AUDIO COMMENTARY TRACK: This excellent commentary track is recycled from the 2001 Platinum Edition re-release of the movie, composited from comments by animator and historian John Canemaker and audio clips of Walt Disney himself. Interestingly, it turns out to be much easier to be distracted by the movie during Uncle Walt’s comments, since they often have little or nothing to do with the on-screen action. Canemaker is a highly knowledgeable, if low-key, presence, and his commentary is always illuminating and educational.
“SOMEDAY MY PRINCE WILL COME” MUSIC VIDEO: Sonny with a Chance‘s Tiffany Thornton is the latest Disney teen idol recruited to cover a classic Disney song. Normally, I can’t stand these things, so I was rather surprised to find how solid this one turned out to be. Thornton has enough vocal talent and the right girlish tone to pull off a straight cover, which is exactly what she does in the opening bars until the song becomes the usual over-produced, overly-synthesized teen pop mush. Even then, the song isn’t as bad as some of the earlier, utterly forgettable covers of Disney classic tunes.
SNEAK PEEK AT THE PRINCESS AND THE FROG: The opening six minutes of Disney’s upcoming movie, putting the latest Disney Princess next to the first one. This makes for an interesting comparison of how times and movie-making sensibilities have changed after 70 years. Some of the footage is raw and unfinished, but still looks quite good. The DVD hides this clip under the “Music and More” option rather than the “Bonus Features” section.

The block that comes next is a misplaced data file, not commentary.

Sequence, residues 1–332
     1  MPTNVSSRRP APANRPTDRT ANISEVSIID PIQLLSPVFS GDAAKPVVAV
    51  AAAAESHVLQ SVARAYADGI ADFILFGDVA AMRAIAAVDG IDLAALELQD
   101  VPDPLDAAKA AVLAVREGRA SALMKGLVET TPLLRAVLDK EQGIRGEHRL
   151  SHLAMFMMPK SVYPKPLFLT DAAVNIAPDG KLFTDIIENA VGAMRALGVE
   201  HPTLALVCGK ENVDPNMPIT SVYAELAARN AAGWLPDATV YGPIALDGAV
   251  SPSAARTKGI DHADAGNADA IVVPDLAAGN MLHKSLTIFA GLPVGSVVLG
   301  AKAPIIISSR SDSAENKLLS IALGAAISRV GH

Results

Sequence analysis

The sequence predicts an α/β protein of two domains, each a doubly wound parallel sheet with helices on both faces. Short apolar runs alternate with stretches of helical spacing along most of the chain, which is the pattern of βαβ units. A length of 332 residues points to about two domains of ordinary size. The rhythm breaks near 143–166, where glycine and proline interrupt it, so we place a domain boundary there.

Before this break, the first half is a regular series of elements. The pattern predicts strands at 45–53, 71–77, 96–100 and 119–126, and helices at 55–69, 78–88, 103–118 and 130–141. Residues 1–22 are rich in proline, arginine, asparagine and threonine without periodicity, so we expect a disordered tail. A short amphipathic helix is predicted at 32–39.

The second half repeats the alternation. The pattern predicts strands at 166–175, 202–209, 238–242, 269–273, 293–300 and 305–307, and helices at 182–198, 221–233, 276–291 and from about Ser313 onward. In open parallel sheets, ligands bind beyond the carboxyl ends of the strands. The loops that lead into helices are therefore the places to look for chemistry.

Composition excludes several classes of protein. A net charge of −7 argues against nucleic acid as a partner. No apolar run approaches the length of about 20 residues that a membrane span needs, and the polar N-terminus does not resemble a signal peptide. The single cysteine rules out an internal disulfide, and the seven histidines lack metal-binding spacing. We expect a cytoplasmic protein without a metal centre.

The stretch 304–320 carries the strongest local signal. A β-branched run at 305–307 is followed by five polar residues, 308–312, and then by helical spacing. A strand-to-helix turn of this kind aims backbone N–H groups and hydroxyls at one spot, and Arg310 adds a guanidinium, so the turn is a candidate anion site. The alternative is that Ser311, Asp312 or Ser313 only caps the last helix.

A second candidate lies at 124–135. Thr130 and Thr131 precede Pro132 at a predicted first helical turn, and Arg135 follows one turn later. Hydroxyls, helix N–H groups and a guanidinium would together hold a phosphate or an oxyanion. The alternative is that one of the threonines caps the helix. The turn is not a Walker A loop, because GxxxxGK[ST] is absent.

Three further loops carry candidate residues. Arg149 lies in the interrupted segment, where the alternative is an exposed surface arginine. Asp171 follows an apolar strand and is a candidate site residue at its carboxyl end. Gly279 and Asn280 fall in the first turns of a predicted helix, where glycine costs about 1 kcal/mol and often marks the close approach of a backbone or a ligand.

The Blu-ray discs also contain the following extras, all in high-definition unless noted:
DELETED SCENES/”SNOW WHITE RETURNS:” Hosted by Disney’s Don Hahn, this featurette reveals newly discovered materials suggesting that work had begun on a sequel to Snow White. The sequel was most likely intended as a short, and would have centered on the dwarfs. After explaining the discovery and what documentation there was behind it, the featurette steps through the storyboard sketches that remain and splices in selections from scenes deleted from the original movie (a “soup eating” scene and a “building a bed” scene, both of which appeared on the earlier DVD and which can also be viewed in their entirety separately). The sequel was never made, of course, but the bonus feature turns out to be a fascinating bit of Disney history. It’s also something Hollywood could learn from: in the commentary track, Disney notes how everyone kept asking him for more of his hits—more Mickey, more Three Little Pigs, more Dwarfs— and yet Disney himself never gave in to the temptation to do a direct sequel to any of his biggest hits, opting instead to continue exploring new and different territory.